Her “forward” loan officer sent her over to my office, where I easily qualified her for a reverse for purchase home loan.

Enter Bob.

Without making the effort to acquaint himself with details of reverse for purchase, he proceeded to pick up the phone and call Ellen. For fully fifteen minutes he spewed dire warnings that she would lose all her money; that it was a terrible “investment”; that she would end up with nothing. In other words, he scared the daylights out of her.

And here’s the thing: if fifty people tell you the skittles are good, and one person tells you there could be a poisoned skittle, you’re probably not touching the skittles.

But suppose the person warning you about the skittles doesn’t have any data about whether one skittle was poisoned. It’s just something he heard. And he won’t revisit his hunch – but he’s pretty sure he’s heard of a guy who knew a guy who met a guy who got sick on a skittle.

I’m the first to say there is no one right financial product for everyone. There simply isn’t. But for many aging homebuyers, reverse for purchase is a fantastic option: they can get into an appropriate aging-in-place home without picking up a monthly mortgage payment. Or, like Ellen, it can make possible the purchase of an appropriate home when it otherwise was not.

In my many years as a reverse mortgage specialist I can honestly say I have run into not more than a couple Bobs. Financial advisors are well known for paying scrupulous attention to hard data, education, and their clients’ needs. And this is a darn good thing – because one advisor’s stinky advice can cause an awful lot of emotional upheaval, anxiety, and deep distress.

No one knows everything. Everyone needs input.

But fallacious input can be hard – very, very hard indeed – to un-hear.

If you have – or someone you know has – questions regarding reverse mortgage, give me a call. I am always available to answer questions, and I always love hearing from you.

Advance planning information

Laurie MacNaughton 2021

As with most things in life, dealing with planning falls into two categories: steps to take before there’s a crisis, and measures to take once a crisis has already occurred. Everyone agrees the first option is preferable, because though nearly any issue can be remedied, the bigger the problem, the pricier the fix.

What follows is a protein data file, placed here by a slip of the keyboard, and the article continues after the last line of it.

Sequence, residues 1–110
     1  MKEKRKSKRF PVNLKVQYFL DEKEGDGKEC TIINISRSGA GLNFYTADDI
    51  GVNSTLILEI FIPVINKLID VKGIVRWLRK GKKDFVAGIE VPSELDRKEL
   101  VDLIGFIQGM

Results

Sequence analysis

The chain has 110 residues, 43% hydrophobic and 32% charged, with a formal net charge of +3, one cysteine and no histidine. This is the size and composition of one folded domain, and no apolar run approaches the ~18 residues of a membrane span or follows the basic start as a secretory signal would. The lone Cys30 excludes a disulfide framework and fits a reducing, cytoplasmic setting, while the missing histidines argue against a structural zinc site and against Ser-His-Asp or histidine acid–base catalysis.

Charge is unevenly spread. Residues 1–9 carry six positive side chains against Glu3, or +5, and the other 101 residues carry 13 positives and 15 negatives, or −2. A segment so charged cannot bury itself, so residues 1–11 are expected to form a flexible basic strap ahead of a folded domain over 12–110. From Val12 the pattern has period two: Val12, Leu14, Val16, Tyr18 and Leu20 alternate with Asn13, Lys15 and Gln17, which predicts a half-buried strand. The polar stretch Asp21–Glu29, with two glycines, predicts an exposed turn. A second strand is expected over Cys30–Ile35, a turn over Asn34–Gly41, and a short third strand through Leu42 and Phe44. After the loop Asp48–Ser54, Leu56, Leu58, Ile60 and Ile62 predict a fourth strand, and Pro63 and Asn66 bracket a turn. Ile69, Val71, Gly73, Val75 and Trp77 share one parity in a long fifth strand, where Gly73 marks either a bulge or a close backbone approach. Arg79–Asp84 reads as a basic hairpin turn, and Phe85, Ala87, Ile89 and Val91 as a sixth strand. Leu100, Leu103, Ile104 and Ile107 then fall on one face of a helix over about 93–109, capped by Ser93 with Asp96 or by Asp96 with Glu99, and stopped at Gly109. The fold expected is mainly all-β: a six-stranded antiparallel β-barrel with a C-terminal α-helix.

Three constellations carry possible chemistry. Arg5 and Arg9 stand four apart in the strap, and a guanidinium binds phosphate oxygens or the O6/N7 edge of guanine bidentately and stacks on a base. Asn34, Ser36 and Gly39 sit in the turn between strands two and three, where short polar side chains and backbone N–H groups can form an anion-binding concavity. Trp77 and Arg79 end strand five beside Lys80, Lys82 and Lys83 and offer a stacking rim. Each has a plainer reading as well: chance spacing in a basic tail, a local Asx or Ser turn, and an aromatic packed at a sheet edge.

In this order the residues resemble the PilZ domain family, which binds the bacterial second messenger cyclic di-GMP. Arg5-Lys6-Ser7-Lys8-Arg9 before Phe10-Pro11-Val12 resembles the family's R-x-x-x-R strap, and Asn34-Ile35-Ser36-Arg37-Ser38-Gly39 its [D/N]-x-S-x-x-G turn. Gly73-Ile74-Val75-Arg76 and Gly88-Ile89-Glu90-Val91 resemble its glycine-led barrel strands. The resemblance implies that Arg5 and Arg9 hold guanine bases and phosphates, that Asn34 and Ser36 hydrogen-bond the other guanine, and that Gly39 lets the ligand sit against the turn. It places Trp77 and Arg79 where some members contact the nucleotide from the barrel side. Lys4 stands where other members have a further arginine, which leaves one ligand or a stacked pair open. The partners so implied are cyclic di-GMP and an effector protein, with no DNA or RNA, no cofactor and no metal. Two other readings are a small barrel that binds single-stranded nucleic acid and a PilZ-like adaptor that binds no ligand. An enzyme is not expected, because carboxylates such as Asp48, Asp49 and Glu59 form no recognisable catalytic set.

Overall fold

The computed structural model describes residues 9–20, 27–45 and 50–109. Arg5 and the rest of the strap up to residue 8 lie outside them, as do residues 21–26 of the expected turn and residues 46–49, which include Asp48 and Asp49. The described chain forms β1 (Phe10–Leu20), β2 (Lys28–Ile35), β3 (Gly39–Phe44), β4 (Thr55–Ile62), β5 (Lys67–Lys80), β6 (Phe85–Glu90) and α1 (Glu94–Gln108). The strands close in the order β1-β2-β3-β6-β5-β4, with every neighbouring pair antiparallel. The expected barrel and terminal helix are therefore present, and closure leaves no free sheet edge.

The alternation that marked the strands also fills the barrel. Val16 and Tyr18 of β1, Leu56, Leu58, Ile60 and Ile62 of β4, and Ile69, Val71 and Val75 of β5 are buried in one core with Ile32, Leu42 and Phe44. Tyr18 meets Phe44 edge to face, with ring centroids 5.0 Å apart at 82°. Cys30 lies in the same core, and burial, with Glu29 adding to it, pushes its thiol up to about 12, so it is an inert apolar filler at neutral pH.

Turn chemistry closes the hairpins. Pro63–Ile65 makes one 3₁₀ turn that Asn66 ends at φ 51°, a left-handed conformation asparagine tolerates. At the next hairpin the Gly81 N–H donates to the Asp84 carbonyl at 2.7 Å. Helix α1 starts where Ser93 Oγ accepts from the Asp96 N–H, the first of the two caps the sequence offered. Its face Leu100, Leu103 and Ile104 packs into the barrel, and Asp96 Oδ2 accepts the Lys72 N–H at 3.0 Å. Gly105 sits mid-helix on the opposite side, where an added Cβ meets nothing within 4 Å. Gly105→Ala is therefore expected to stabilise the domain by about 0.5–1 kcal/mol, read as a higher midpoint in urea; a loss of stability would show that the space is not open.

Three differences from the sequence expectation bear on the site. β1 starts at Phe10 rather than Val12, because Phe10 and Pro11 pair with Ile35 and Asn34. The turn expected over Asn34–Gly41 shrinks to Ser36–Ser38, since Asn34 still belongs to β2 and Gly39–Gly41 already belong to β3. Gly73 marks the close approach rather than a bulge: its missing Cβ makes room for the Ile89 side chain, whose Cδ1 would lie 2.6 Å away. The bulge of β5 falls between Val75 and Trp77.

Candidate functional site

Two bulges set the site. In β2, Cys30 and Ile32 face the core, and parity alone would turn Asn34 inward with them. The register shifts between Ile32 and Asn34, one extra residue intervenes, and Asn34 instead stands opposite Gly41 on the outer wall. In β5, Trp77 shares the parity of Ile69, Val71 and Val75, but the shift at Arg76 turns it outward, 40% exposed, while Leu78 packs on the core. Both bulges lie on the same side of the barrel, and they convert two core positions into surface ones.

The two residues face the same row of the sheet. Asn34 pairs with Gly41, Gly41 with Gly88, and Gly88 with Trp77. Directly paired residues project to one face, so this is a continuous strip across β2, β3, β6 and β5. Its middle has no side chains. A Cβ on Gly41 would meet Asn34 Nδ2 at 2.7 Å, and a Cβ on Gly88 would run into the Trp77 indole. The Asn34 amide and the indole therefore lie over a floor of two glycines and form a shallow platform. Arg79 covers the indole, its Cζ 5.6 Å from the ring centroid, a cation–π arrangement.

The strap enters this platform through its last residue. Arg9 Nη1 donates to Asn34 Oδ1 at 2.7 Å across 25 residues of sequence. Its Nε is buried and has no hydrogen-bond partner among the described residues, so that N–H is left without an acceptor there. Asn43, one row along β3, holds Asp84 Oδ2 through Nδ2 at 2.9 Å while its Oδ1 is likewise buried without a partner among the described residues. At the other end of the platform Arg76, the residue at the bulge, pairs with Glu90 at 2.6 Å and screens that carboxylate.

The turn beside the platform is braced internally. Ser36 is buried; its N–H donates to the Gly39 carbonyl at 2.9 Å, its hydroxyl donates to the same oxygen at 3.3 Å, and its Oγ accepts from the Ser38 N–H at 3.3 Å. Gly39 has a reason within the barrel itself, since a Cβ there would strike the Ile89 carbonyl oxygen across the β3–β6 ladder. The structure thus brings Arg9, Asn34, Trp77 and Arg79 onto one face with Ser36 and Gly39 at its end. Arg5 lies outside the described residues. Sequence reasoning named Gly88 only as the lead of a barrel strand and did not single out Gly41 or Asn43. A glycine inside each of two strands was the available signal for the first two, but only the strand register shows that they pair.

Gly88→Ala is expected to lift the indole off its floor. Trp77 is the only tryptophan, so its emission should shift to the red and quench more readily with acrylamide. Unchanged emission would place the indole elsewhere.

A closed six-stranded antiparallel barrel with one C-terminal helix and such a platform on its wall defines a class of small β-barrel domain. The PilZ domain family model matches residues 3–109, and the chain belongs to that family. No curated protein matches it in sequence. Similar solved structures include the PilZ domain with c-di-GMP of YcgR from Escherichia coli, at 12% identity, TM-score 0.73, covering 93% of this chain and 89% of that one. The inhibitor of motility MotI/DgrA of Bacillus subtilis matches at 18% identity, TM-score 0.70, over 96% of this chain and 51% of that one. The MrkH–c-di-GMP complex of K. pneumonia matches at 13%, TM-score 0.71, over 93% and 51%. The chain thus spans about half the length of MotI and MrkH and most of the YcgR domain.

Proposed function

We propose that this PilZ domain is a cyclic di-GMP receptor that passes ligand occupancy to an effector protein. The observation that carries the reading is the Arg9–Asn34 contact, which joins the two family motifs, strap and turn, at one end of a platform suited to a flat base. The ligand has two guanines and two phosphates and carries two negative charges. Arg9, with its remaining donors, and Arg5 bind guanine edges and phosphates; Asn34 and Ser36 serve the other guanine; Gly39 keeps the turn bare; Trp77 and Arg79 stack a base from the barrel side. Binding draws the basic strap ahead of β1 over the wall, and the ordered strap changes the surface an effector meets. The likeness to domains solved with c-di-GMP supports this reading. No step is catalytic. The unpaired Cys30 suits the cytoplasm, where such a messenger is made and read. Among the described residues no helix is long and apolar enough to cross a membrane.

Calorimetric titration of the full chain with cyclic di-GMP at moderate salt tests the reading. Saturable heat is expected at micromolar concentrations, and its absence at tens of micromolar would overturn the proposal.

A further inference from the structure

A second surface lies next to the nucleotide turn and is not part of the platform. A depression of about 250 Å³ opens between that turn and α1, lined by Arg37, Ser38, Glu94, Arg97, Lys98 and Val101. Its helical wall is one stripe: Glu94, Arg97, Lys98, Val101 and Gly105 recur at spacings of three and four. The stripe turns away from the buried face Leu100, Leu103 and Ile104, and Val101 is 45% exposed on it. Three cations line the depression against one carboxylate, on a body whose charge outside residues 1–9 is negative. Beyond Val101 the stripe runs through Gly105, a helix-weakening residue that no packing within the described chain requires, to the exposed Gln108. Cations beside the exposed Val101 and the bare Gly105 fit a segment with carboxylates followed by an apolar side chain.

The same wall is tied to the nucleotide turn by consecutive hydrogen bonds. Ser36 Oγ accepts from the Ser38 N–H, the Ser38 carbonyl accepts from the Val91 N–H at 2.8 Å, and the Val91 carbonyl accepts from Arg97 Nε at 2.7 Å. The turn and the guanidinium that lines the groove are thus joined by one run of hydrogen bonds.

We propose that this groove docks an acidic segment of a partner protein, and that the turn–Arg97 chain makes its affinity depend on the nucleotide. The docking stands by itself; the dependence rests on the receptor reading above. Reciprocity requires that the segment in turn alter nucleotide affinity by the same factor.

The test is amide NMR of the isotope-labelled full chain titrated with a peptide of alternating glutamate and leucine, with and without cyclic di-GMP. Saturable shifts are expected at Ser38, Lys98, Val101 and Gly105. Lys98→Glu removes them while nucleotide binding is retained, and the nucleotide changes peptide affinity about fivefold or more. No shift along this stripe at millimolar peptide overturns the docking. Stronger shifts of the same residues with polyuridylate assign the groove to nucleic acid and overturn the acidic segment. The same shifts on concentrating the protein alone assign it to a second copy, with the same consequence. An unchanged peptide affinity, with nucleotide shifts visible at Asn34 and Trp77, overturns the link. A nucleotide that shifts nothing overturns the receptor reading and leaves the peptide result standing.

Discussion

In general, needs can be placed into three buckets: financial, legal, and medical. Earlier in life these matters typically are very distinct. However, in the blink of an eye the three can become inseparably intertwined.

Following are important steps to take before a crisis arises.

The first is to record all administrative information on one master list. Include on this list:

  • The name of all banks and other financial institutions;
  • The name of any pension plan, life insurance plan, investment account, and health savings account, along with account numbers;
  • All income sources, including Social Security, annuities, pensions, veteran’s benefits, and the like;
  • All financial obligations, including credit cards, mortgages, car payments, and utilities, along with the names of the utility providers;
  • Usernames and passwords for all online accounts;
  • Copies of driver’s licenses, social security cards, healthcare cards, birth certificates, divorce decrees, or death certificates, as applicable;
  • The names of primary care physicians over the past 10 years. The current physician may well be different than the one used a decade ago. (I will say more about this, below.)

The second step is to meet with an attorney regarding the following documents:

  •  Power of Attorney (More about this, below)
  •  Will
  •  Advance medical directive
  • HIPAA release

If these documents already exist, review them and have an attorney make necessary updates.

There’s something important to know about a Power of Attorney: many times, in order to use a Power of Attorney a physician’s letter is required stating the Principal has become incapacitated. This letter serves as a safeguard against a bad actor who might try to exercise a Power of Attorney behind your back. In the letter the doctor must state that at the time you signed the Power of Attorney, you were mentally competent to do so. This seems insulting to the attorney who drew up the Power of Attorney, but there is no fighting this requirement. It also means your doctor must have access to medical records going back to the time you signed the Power of Attorney.